Most human genes produce multiple distinct mRNA and protein isoforms through alternative splicing that may have distinct or even antagonistic biological functions. Alternative splicing is regulated by a set of RNA binding proteins (RBPs) whose functions are important in development and in a number of diseases. Our approach to the long-term goal of understanding the function of RBPs and their roles in alternative splicing is organized around the following specific aims: SA1. To develop a method for determination of the quantitative in vitro RNA binding specificity of a protein at unprecedented depth and to determine the RNA affinity landscape of RBFOX family proteins. SA2. To understand the sequence and RNA structural basis of RNA binding by MBNL and CELF family splicing factors, the extent of cooperativity and competition, and to understand the regulation of distinct subsets of targets in developmental and pathogenic contexts. SA3. To understand the binding affinity landscapes of factors that recognize motifs at the 3'ends of introns and their roles in regulation of alternative 3'splice site (3'SS) choice. We have recently developed a method called HiTS-FLIP, which provides a quantitative description of the in vitro DNA binding affinity landscape of a protein at unprecedented depth. We propose to develop a variation of this method, "HiTS-FLIP-R", to assess RNA binding affinity at a similarly high resolution. The essential idea is to sequence tens of millions of DNA clusters on an Illumina Genome Analyzer 2 (GA2) flow cell, to generate the corresponding RNA sequences by primer extension of anchored DNA adapters, to add a fluorescently tagged RNA binding protein to the flow cell at various concentrations and to image binding to RNA clusters using the GA2's optics. This approach will be applied to key factors involved in development and disease, including RBFOX2 and the myotonic dystrophy (DM) related factors MBNL1 and CELF1, as well as major factors that recognize the 3'splice site and contribute to constitutive and alternative splicing. These data will be used to develop quantitative models that predict the effects on binding and regulation of defined perturbations in the levels of specific RBPs, and the roles of these factors in development and in DM.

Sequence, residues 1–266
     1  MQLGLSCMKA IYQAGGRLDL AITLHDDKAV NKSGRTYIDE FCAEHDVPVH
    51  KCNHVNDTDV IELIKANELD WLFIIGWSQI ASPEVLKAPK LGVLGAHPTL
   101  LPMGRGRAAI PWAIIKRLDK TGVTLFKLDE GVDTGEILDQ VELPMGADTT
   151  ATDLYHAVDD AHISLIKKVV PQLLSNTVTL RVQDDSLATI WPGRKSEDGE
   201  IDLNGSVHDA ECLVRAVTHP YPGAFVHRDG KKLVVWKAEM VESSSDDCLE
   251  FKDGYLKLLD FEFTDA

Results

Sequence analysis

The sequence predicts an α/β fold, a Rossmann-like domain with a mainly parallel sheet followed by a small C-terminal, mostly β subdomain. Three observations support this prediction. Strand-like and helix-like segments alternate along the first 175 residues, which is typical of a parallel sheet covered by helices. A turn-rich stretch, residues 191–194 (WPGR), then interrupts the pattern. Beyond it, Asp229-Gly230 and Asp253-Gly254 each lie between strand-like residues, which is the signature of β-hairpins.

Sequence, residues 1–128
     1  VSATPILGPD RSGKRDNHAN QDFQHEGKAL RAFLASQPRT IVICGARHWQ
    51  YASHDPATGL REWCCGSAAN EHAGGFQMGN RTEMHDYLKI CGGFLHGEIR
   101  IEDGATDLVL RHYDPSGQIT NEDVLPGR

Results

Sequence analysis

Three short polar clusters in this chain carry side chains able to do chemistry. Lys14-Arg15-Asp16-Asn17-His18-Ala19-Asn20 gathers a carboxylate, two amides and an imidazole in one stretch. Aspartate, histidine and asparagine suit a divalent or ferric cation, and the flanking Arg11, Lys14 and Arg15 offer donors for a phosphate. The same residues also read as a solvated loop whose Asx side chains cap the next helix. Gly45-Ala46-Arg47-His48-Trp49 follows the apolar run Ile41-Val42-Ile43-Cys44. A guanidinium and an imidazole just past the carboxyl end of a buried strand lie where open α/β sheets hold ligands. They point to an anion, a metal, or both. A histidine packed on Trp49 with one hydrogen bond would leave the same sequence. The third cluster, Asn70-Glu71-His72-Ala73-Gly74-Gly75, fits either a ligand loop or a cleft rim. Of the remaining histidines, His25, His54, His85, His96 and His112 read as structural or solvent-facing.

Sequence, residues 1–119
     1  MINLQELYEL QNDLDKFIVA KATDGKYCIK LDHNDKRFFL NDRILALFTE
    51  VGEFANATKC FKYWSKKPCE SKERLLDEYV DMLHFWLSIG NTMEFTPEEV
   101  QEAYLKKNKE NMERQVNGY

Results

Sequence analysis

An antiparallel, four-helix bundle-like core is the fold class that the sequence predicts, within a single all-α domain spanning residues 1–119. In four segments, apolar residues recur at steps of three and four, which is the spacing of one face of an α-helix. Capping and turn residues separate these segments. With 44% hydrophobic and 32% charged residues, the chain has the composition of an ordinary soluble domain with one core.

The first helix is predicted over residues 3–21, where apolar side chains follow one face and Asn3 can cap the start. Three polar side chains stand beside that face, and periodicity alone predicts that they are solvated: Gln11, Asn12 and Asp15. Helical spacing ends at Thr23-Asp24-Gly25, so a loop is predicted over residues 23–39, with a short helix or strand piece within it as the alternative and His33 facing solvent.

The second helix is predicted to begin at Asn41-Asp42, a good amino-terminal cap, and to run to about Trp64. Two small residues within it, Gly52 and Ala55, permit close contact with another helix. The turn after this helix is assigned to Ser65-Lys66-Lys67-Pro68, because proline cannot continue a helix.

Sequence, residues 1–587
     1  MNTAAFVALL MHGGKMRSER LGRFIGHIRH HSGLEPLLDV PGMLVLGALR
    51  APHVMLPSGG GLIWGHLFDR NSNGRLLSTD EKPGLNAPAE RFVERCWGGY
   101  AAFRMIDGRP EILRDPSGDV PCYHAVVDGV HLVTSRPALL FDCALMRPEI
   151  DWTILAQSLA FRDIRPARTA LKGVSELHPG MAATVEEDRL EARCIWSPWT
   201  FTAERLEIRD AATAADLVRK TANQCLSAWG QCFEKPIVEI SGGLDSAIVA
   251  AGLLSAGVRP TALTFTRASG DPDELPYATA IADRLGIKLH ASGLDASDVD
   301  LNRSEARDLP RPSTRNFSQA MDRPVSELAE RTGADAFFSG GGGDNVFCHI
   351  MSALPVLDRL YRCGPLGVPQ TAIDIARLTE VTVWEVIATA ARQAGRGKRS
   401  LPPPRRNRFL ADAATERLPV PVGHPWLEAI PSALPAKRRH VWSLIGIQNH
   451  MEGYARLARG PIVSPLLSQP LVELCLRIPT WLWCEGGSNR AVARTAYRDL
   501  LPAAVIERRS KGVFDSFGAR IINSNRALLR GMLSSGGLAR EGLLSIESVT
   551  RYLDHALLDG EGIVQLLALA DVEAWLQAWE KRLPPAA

This project will provide comprehensive resources, tools and concepts for understanding the binding of proteins to RNA. It will also generate comprehensive binding affinity data for several important RNA binding proteins that function in constitutive splicing, which is required for expression of most human genes, or alternative splicing, including analysis of proteins that play central roles in development and in diseases such as myotonic dystrophy and cancer.
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